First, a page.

England's Climate

    

England is part of the United Kingdom (along with Northern Ireland, Wales and Scotland). It is situated to the west of Eurasia and has an extensive coastline. Such a positioning is responsible for its fairly complex climate, which demonstrates the meeting of the dry continental air and the moist maritime air. This creates rather large differences in temperature ranges and also leads to the occurrence of several ‘seasons’ over the course of one day.

Generally speaking, the parts of England closest to the Atlantic Ocean experience the mildest temperatures, although these are also the wettest and experience the most wind. The areas in the east, on the other hand, are drier and less windy, but also display cooler temperatures.

England is warmer and sunnier than any of the other countries making up the United Kingdom. The month with the most sunshine is July, which is also England’s driest month.

On average, the sun shines for about 1340 hours every year in England. The south coast has the clearest skies (i.e. the least cloud cover) due to the prevailing winds in that area. This means that counties like Kent and Sussex benefit from significantly more sunshine, attracting local and international visitors to their shores. The cloudiest areas are in the northern and western parts of England as well as in the mountainous areas.

England’s climate is expected to change over the course of a few decades due to pollution and global warming. Annual temperatures are expected to rise by two degrees Celsius and summer highs are expected to soar by three degrees by the year 2050. Rainfall will decrease in general but winter rainfall will increase.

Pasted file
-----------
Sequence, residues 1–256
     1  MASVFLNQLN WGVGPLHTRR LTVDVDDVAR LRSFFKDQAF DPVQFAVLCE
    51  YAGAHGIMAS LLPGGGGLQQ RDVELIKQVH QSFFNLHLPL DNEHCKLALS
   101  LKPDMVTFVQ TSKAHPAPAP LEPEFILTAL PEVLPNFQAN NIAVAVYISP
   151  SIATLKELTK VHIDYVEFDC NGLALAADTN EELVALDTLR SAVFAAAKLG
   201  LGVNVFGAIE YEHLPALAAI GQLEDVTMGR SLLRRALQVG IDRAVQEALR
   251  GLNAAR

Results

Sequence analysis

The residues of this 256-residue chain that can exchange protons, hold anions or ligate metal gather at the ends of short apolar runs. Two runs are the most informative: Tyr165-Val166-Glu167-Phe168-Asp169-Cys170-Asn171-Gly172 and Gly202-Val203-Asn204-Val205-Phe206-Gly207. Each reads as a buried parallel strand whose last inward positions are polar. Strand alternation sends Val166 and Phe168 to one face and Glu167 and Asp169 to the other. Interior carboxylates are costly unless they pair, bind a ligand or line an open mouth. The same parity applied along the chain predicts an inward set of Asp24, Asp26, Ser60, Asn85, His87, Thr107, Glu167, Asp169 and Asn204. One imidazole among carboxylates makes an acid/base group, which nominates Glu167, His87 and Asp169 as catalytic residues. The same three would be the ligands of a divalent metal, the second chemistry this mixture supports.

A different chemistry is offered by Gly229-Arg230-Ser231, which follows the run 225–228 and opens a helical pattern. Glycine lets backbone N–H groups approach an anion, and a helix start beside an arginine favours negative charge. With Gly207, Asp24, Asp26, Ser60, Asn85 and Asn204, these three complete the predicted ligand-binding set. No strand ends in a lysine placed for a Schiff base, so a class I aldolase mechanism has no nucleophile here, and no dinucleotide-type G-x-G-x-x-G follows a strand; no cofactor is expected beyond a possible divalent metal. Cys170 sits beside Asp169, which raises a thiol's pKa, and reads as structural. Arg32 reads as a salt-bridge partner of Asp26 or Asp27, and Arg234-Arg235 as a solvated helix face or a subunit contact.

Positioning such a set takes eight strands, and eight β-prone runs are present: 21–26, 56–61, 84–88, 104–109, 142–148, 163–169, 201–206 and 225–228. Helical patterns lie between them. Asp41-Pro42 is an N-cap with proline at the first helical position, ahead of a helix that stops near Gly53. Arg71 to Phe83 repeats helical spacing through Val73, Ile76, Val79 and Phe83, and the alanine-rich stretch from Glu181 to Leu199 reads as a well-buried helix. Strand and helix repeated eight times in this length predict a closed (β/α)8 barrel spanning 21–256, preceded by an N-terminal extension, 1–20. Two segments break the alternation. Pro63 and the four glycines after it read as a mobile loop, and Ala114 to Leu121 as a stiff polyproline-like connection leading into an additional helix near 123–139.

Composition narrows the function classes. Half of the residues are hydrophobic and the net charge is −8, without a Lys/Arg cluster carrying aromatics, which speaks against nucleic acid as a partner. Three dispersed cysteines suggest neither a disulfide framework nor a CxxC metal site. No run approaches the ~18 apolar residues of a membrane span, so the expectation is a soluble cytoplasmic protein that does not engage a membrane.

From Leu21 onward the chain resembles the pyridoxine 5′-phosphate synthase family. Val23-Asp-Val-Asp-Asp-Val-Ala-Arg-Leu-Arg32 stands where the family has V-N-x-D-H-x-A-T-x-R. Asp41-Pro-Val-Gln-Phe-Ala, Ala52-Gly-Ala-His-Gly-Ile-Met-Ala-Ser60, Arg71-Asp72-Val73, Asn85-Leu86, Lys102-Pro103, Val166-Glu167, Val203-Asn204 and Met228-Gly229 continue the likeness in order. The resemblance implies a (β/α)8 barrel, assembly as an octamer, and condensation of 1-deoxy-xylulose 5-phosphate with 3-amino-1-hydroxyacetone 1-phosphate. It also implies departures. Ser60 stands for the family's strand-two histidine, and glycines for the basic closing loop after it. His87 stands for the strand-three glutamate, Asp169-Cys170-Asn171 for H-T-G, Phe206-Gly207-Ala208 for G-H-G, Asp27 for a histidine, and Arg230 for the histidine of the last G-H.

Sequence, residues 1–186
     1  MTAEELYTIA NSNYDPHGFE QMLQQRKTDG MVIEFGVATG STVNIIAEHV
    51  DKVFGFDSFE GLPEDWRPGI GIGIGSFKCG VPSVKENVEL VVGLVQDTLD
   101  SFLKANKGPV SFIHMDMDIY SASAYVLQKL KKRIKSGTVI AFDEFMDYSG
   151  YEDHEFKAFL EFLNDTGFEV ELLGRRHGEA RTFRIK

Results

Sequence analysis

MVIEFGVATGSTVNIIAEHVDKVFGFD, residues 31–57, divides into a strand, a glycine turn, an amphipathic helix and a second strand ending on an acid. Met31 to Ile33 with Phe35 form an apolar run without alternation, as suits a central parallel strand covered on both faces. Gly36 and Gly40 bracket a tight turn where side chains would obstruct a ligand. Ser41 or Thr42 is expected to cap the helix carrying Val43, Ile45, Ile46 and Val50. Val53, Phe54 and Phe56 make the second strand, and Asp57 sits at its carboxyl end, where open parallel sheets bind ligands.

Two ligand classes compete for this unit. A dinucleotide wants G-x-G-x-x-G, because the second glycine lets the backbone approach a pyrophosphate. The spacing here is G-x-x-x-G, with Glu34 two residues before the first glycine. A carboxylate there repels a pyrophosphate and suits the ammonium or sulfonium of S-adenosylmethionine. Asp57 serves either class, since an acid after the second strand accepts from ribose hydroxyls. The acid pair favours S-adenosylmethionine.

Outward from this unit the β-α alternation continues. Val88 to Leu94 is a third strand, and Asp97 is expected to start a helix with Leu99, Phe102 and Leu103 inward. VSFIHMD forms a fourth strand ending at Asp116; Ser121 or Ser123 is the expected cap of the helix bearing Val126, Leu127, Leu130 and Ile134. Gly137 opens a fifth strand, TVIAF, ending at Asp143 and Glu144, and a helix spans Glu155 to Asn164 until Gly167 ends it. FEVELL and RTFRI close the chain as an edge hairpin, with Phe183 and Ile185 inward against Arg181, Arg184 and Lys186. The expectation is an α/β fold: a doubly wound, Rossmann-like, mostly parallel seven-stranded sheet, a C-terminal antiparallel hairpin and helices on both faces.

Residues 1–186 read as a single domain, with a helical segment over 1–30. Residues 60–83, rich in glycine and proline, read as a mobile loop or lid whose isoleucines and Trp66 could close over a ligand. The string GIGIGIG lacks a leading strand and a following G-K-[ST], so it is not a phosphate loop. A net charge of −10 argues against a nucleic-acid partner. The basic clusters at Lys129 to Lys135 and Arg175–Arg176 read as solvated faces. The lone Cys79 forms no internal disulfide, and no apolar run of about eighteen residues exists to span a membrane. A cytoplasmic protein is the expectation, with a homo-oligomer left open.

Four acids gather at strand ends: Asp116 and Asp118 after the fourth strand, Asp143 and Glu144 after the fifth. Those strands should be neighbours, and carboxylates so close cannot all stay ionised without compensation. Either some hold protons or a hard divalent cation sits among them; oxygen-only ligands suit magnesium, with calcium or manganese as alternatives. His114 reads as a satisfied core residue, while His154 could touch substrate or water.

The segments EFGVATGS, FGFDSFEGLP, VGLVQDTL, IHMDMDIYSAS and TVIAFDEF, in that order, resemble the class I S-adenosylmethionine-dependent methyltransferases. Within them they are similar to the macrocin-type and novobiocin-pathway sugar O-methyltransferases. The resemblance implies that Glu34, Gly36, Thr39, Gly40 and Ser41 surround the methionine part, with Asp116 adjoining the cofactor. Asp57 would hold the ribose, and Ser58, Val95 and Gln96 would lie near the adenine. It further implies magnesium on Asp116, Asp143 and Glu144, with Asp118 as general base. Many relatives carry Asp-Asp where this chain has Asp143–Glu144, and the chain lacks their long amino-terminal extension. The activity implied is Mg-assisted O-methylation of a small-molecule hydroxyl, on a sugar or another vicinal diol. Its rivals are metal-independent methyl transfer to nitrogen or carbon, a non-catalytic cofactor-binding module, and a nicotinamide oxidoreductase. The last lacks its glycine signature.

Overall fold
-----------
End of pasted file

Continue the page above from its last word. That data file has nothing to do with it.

Image of an English cathedral on a perfect summers day
English cathedral on a perfect summers day

Spring

Spring is from March to May and is cool and dry. Noonday highs can become quite warm, particularly as summer approaches. However, snow is still possible, right up until the middle of April. Temperatures range between about 0 and 10 degrees Celsius during the English spring time.

Summer
Between June and August, England experiences its highest temperatures. While this is the driest season, localised thunderstorms (usually in the southern, eastern and central parts of the country) ensure that the gardens are kept lush and green. The south eastern parts of England generally experience higher noonday temperatures, which reach around 30 degrees Celsius at the hottest, while most days average around 17 to 20 degrees.

Autumn
Autumn occurs between September and November and produces unstable weather conditions throughout England. Different pressure systems and cold air creates an increased amount of precipitation. Autumn temperatures range between about 1 and 13 degrees Celsius.


Winter
The cold winter lasts from December until February. This is a very wet and windy season and snowfall is common in many parts of England. Temperatures can range from as low as 0 degrees Celsius to about 10 degrees Celsius, with very chilly winds. During late winter, when the Atlantic Ocean has cooled down, the climate stabilises, particularly along the coastal regions.

Snow
Snowfall is an annual event, with only the quantities differing over regions and time. Over the past few centuries, decades and years, snowfall has decreased due to the ever-changing effects of global warming.

For more information, please view: http://www.metoffice.gov.uk/